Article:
Weekly Roundup: Foundation Under Fire, Hartigan Remembered and Blockchain Unchained
In the name of political expediency – and in the face of mounting criticism – the Clinton Foundation announced Thursday that it won’t take foreign and corporate money and Bill Clinton will resign from the board if Hillary Clinton is elected president Nov. 8.
The announcement came two days after a Boston Globe editorial cited the foundation as an “inherent conflict of interest,” called for it to stop accepting all funding and, if Clinton’s elected, to shut down entirely. That story came on the heels of Ed Rendell, a Clinton friend and former chairman of the Democratic National Committee, telling the New York Daily News, “I definitely think if she wins the presidency they have to disband it. … It’d be impossible to keep the foundation open without at least the appearance of a problem.” There were also troubling emails and a blunt CNN story on Wednesday detailing a mingling of political and foundation business.
Politically, in the interest of the candidate’s trust ratings, something had to be done. It’s not clear if the relatively benign actions taken Thursday will be enough to dim the media spotlight and appease those who have, for years, attempted to connect Clinton’s actions as a public official to foundation contributions. It’s fair to wonder if more drastic actions might be in store for the foundation.
Which leads to another, strangely overlooked angle in the story. The foundation, which started in 2001 after Bill Clinton’s presidential terms expired, has raised more than $2 billion and done impressive work over the years in global health, climate change and increasing opportunities for girls and women, and all those in poverty around the world. Will politics shut down an organization that’s done so much good and still has such huge potential, ethical issues notwithstanding? Is it even possible to quickly shut the doors on a foundation so large? What would that look like?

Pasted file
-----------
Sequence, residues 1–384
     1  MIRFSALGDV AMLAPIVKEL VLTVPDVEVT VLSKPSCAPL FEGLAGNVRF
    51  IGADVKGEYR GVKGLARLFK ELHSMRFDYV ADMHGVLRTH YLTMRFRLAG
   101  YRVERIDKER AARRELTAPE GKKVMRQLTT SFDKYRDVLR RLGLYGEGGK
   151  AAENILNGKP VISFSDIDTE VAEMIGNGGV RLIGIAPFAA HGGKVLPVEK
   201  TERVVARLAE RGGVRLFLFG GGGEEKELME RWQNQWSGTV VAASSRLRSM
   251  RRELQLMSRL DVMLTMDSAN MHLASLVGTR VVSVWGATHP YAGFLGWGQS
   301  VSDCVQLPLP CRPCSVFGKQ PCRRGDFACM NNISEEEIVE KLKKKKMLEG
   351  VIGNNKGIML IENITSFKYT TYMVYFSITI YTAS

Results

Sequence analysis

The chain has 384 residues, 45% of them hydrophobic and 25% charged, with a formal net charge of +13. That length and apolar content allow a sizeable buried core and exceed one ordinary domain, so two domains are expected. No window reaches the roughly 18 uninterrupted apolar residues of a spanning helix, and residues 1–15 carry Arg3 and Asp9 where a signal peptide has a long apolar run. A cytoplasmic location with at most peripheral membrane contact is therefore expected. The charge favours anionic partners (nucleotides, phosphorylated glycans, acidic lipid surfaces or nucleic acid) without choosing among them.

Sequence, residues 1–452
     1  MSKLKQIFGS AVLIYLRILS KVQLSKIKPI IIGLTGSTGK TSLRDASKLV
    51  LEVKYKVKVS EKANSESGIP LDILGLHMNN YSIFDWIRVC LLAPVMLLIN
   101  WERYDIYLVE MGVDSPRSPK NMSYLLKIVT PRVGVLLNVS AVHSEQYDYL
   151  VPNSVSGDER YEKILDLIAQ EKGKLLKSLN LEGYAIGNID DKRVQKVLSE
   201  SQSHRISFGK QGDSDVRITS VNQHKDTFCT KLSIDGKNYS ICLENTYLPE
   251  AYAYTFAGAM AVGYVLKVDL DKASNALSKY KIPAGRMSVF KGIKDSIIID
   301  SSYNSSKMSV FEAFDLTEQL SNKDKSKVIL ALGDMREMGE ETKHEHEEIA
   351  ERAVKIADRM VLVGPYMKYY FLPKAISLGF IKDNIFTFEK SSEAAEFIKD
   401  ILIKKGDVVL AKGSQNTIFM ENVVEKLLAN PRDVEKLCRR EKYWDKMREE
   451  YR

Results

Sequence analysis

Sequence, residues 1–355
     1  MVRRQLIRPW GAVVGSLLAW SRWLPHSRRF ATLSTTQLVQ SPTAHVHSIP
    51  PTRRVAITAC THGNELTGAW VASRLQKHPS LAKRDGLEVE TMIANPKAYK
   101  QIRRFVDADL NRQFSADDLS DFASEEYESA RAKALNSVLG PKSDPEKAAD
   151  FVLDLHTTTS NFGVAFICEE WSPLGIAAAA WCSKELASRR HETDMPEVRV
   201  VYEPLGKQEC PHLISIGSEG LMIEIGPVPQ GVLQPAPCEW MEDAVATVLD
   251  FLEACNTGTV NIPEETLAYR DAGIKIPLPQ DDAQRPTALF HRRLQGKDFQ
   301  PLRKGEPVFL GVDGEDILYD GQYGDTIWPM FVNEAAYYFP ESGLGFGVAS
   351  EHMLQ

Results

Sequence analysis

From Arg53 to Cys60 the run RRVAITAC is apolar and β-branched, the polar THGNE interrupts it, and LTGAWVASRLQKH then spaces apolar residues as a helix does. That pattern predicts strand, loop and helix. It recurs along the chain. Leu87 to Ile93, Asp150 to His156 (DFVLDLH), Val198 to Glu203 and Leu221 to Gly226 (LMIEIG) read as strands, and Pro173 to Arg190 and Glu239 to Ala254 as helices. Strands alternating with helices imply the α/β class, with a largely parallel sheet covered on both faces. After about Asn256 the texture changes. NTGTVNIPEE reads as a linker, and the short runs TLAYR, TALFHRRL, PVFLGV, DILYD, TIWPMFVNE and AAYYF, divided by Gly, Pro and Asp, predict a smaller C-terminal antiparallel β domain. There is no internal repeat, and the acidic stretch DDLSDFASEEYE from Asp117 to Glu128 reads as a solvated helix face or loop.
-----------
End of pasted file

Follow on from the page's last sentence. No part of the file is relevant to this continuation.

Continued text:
The Boston Globe editorial has some ideas: “Winding down the foundation, and transferring its assets to some other established charity, doesn’t have to hurt charitable efforts. If the foundation’s donors are truly motivated by altruism, and not by the lure of access to the Clintons, then surely they can find other ways to support the foundation’s goals.”
It’s become a debate – a very worthwhile debate – about power and priorities. Unfortunately, and as usual, those who are ultimately most impacted are being left sitting on the sidelines with no role to play.
– Kyle Poplin
NextBillion would like to add our condolences to the family, friends and colleagues of social entrepreneurship pioneer Pamela Hartigan, who died last week. Hartigan was the first managing director of the Schwab Foundation for Social Entrepreneurship, serving from 2000 until she left in 2008. She left the organization to teach at Oxford University’s Saïd Business School and led the Skoll Center in Oxford. She also served as managing director of the World Economic Forum.
Last year, Hartigan was mentioned in another NB weekly Roundup when, in a speech, she issued a challenge not to “dichotomise the commercial and the social spheres,” noting:
“Social entrepreneurship is not a field – it is an approach, a mindset, a way that you address a problem. This mindset and approach can be defined as an ability to combine innovation, opportunity and resourcefulness to shape and evolve a solution to a very specific problem.”
The Skoll Center posted this tribute:
– Scott Anderson
From blockchain to impact measurement: two new reports